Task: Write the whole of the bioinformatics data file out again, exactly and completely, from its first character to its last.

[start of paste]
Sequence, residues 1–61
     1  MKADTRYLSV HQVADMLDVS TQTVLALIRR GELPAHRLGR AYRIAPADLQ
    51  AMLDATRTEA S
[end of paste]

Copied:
Sequence, residues 1–61
     1  MKADTRYLSV HQVADMLDVS TQTVLALIRR GELPAHRLGR AYRIAPADLQ
    51  AMLDATRTEA S